From the point in this image it took me 4 hours and 30 minutes to get my récepissé – a transaction that was highly uneventful and took literally 5 minutes. Can you say “design flaw”?

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French Bureaucracy, Explained {Abridged Version}

Friday’s post explaining French bureaucracy was intense – and long (and your comments were awesome). So today I’m offering you the Cliff Notes version. This video of La Maison Qui Rend Fou (literally, the house/place that makes you crazy) conveniently came to my attention the night I was writing the post thanks to Erin who had experienced her own bureaucratic struggles that day. Astérix is a French classic (I’ve even been to Parc Astérix just outside of Paris, a French version of Disney if you will), and the French get just as much a chuckle out of this as expats. Don’t worry, if you don’t speak French, you’ll still get it! Trust me.

Isn’t this plan from the clip so symbolic of French bureaucracy? (It reminds me of Je Parle Américain’s flow charts of his visa process) … Just think, you could map French bureaucracy and your own experiences in my Skillshare map making class! No need to be a designer + all ages welcome.

// Thanks, Erin! //

French Bureaucracy, Explained

One of the things about having a social media presence and clearly being an expat in France is that people can easily find me. Hence I get a lot of questions and emails that go something like: Dear Anne, I want to move to France. I’ve sent dozen of email responses which I tend to never hear back from (I fear it’s because what I say isn’t always what people want to hear). After numerous blog posts on the topic as well, I thought it was time to pull together a mega post with all my ideas, insights, and resources on the topic. Life in France is everything – amazing, humorous, inspiring, frustrating, invigorating, amusing, and … nonsensical. So here is my attempt to make sense of it for you.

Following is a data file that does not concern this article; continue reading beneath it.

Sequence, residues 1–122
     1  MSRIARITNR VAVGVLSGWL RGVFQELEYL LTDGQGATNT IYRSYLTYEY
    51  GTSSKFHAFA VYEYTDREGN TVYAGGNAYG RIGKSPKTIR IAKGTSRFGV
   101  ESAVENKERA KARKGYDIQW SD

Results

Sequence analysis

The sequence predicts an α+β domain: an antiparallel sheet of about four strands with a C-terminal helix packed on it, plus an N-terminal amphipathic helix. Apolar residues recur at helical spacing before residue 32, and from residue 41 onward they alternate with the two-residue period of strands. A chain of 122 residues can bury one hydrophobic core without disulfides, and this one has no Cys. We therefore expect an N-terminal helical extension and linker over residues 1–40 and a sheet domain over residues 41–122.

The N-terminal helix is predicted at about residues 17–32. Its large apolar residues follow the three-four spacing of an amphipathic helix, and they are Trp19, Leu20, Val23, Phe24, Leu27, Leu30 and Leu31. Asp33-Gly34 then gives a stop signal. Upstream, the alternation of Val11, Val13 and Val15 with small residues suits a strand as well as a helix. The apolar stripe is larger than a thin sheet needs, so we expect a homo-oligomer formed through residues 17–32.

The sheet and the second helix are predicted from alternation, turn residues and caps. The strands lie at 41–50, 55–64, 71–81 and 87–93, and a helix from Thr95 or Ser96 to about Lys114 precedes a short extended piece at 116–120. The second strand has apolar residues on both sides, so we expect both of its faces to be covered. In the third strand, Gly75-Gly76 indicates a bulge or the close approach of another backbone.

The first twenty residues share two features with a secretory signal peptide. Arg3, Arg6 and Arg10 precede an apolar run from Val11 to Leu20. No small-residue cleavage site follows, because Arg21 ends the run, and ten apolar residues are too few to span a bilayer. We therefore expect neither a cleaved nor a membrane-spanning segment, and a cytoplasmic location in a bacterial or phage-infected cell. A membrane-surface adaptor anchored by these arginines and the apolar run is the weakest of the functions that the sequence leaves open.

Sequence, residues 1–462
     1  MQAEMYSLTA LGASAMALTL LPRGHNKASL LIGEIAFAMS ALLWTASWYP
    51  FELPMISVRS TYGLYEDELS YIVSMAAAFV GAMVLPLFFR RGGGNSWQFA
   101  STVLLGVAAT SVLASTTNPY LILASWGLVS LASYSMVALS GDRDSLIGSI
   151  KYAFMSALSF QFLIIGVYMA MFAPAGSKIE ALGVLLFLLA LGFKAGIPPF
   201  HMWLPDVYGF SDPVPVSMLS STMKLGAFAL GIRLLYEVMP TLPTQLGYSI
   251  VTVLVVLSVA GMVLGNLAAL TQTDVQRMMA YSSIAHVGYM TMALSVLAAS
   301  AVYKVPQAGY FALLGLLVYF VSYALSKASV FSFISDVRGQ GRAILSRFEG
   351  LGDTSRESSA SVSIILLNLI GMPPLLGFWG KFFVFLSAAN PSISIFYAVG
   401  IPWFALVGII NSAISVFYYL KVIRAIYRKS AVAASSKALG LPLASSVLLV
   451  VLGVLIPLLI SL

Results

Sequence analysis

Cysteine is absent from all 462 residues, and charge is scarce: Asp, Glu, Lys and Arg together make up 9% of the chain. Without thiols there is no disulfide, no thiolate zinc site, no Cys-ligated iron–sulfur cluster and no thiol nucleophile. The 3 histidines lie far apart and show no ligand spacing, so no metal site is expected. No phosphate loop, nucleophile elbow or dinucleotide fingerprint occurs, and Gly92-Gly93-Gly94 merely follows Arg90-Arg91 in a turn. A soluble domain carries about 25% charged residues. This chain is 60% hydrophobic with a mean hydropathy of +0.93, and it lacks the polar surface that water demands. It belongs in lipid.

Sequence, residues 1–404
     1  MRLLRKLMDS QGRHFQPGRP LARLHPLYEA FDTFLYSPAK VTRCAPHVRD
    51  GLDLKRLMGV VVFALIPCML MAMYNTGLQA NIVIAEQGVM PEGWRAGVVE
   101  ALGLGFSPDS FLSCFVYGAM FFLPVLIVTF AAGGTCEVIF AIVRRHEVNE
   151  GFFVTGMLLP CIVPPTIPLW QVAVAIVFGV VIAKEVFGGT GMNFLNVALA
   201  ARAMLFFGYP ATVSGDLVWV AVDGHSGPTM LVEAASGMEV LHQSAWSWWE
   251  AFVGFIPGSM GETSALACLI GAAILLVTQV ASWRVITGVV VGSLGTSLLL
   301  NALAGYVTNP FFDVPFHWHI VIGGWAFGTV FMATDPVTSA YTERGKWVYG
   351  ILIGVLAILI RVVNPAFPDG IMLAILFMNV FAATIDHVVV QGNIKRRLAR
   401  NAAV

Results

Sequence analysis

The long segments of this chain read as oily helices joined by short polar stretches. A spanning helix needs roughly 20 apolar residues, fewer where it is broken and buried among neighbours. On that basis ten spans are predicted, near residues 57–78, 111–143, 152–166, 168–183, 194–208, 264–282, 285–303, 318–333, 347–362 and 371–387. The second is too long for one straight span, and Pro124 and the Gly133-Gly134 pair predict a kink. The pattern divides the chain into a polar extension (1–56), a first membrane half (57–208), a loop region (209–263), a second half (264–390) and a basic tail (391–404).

First things first: think about if you were France. You have this large, beautiful house which is rich in history. It is also is where your job and welfare takes place. Everyone sees pictures and stories from vacations and “knows” how awesome it is and comes knocking at your door wanting to enter your house. Ok, so there’s an application process, and you need to pay the people who manage it. You also want job security, so you make sure there is plenty of paperwork to keep them busy. Internet age? That will be another 10 years until the service provider can have this house fully wired.

But who do you actually let into your home for more than just a visit? That awesome but poor struggling artist type who is trying to figure out life and can’t really pay rent or that boring rich guy whose going to pay taxes and contribute to the economy. This is by no means to say that this is always the case, but it does start to shed some light onto why it can be so convoluted and frustrating to live here no matter who you are. (There is a Competences et Talents 3-year visa aimed directly at creative types – although I have yet to meet someone who is on said visa). Status is important (more soon), but social influence in terms of internet clout doesn’t count, as it did not exist in the time of Louis the XIV. French society doesn’t want promises, it wants to see something measurable and tangible of how you are going to contribute to this fine house (ahem, show me the €€€). Ultimately, this house is a house rooted in tradition.